Has Saudi Arabia Finally Gone Too Far?

Jim Mattis and Mohammed bin Salman (Defense Department)

by Thomas W. Lippman

In the 75-year history of the improbable alliance between the United State and Saudi Arabia, the Saudis have taken many actions and adopted many policies that infuriated the White House or Congress or both.

They participated in the Arab oil embargo during and after the 1973 Middle East War. They secretly purchased nuclear-capable missiles from China. They refused to endorse the peace initiative of Egyptian President Anwar Sadat and joined other Arab states in boycotting Egypt after Sadat signed a peace treaty with Israel. They opposed President George W. Bush’s invasion of Iraq and President Barack Obama’s multinational nuclear agreement with Iran. They have routinely locked up Saudi citizens who were known and respected in Washington. And of course there were the events of September 11, 2001, for which the Saudi government was never found directly responsible even though most of the perpetrators were Saudi citizens.

Every time, the bilateral strategic and economic partnership survived or was quickly restored because the two countries needed each other.

In the context of that history, it seems unlikely that the fate of one individual could cause a serious breach in the alliance, especially because of President Trump’s warm feelings about Saudi Arabia’s de facto ruler, Crown Prince Mohammed bin Salman.

But something feels different now, in the case of Jamal Khashoggi. If it turns out to be true, as officials in Turkey have alleged, that Saudi agents killed and dismembered him at the Saudi consulate in Istanbul and smuggled the body parts out of the country, it is hard to imagine a quick return to business as usual after an act of such brazen barbarity. Khashoggi has frequently criticized the Saudi government, but his visit to the consulate had nothing to do with politics. He was there to secure paperwork that would allow him to marry a Turkish woman.

Already some members of Congress have called for recalibrating the relationship if the story of his killing turns out to be true.

“If this deeply disturbing news report is confirmed, the United States & the civilized world must respond strongly, and I will review all options in Senate,” tweeted Sen. Marco Rubio (R-FL).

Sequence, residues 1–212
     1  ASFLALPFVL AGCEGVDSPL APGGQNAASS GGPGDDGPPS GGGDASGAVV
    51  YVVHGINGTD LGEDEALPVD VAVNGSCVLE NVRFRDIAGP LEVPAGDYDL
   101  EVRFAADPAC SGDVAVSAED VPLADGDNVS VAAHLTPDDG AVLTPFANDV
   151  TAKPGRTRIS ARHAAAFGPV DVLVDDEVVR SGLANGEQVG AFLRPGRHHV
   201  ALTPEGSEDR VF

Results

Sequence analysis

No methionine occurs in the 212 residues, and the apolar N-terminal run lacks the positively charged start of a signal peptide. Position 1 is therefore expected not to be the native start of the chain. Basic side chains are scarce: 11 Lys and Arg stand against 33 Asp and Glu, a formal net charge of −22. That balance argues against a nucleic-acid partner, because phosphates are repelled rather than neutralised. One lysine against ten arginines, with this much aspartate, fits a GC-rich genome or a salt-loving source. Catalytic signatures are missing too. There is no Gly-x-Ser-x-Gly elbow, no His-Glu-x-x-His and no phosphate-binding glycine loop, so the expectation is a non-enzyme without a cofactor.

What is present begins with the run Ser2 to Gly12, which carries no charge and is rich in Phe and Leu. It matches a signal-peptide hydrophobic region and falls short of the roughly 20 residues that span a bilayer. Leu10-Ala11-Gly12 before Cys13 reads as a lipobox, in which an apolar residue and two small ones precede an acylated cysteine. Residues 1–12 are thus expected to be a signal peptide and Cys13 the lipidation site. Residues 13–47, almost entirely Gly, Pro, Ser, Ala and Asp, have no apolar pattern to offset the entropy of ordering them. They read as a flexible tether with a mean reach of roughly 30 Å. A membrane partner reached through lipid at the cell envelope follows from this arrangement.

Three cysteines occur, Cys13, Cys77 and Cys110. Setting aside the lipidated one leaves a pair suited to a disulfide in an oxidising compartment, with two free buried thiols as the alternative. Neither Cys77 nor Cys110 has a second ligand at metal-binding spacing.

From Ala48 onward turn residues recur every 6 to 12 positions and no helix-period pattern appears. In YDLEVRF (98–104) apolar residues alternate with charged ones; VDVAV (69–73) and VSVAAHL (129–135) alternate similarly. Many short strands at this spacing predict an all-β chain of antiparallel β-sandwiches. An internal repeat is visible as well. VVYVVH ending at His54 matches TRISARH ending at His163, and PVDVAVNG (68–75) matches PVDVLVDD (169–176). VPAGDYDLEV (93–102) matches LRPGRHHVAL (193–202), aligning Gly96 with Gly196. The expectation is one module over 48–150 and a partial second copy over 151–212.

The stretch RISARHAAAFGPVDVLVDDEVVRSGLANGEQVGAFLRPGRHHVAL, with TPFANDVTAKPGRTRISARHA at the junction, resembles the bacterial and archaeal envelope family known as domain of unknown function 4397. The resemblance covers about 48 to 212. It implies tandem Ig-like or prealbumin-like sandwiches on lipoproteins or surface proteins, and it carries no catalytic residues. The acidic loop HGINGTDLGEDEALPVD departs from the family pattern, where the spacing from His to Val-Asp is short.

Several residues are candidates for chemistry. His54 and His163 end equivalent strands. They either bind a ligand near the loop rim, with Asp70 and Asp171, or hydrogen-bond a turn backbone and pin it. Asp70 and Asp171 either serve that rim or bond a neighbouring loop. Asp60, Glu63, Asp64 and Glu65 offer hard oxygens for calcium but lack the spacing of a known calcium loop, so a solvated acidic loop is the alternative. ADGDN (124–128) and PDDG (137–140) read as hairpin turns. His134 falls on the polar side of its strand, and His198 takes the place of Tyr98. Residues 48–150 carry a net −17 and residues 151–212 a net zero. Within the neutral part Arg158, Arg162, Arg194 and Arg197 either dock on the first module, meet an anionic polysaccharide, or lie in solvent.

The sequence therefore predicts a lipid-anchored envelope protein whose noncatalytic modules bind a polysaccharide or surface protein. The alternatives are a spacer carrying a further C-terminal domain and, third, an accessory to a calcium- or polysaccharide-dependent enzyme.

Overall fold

“If this is true—that the Saudis lured a U.S. resident into their consulate and murdered him—it should represent a fundamental break in our relationship with Saudi Arabia,” Sen. Chris Murphy (D-CT), said in a tweet.. Rubio and Murphy are both members of the Senate Foreign Relations Committee.”We agree that if there was any truth to the allegations of wrongdoing by the Saudi government it would be devastating to the US-Saudi relationship and there will be a heavy price to be paid—economically and otherwise,” said Sen. Lindsey Graham (R-SC).

Vice President Mike Pence said that he was “Deeply troubled to hear reports about Saudi Arabian journalist Jamal Khashoggi. If true this is a tragic day.”

As those statements and many others in the same vein indicate, Khashoggi was not just any Saudi journalist. He has been a well-known figure since he wrote about his travels with Osama bin Laden before the 2011 attacks on the United States. He was twice editor of Al Watan, the least subservient newspaper in Saudi Arabia, before he was dismissed for publishing views that strayed from the government’s official line. Foreign diplomats and visiting journalists regularly sought his views on Saudi affairs. In those conversations, he said what he thought, even though he knew it could be dangerous.

He was not a political dissident, in the sense that he did not advocate regime change, but he never made any secret of his objections to government policies and actions of which he disapproved. As his articles and public remarks became more critical of Islamic extremism and of Saudi Arabia’s autocratic government, his position at home became increasingly precarious. He quickly got under the skin of the hypersensitive Mohammed bin Salman, who, Khashoggi said at a conference in Washington last year, “is doing all the right things in all the wrong ways.”

By 2017, as the government was tightening the screws on dissent and civic activism in any form and he was barred from writing, Khashoggi left the kingdom for his own safety. He took up residence in Washington, where he became a contract columnist for The Washington Post and continued to criticize his country’s government. On Saturday, the Post left white space where Khashoggi’s column would have appeared.